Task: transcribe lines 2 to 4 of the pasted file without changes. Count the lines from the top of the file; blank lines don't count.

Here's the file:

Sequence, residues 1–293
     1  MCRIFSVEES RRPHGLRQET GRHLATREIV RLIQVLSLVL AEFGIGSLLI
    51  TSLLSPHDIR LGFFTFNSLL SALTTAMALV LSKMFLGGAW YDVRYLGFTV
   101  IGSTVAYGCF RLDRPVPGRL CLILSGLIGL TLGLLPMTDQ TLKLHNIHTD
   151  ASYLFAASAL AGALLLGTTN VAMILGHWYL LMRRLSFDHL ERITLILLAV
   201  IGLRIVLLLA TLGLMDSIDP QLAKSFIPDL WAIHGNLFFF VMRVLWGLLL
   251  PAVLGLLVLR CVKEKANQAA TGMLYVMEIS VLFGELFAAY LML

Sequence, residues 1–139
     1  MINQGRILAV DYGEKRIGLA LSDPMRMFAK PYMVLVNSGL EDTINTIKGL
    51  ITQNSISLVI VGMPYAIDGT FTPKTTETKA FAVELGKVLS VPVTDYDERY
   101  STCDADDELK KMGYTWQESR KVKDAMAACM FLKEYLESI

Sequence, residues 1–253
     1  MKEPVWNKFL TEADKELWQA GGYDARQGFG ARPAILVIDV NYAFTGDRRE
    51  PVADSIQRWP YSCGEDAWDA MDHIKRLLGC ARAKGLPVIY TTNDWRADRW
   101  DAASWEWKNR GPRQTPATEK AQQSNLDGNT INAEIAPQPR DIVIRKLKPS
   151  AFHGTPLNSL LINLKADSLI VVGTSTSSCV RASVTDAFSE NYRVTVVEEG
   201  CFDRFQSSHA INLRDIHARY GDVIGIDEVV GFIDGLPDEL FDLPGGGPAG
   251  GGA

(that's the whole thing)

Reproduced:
     1  MCRIFSVEES RRPHGLRQET GRHLATREIV RLIQVLSLVL AEFGIGSLLI
    51  TSLLSPHDIR LGFFTFNSLL SALTTAMALV LSKMFLGGAW YDVRYLGFTV
   101  IGSTVAYGCF RLDRPVPGRL CLILSGLIGL TLGLLPMTDQ TLKLHNIHTD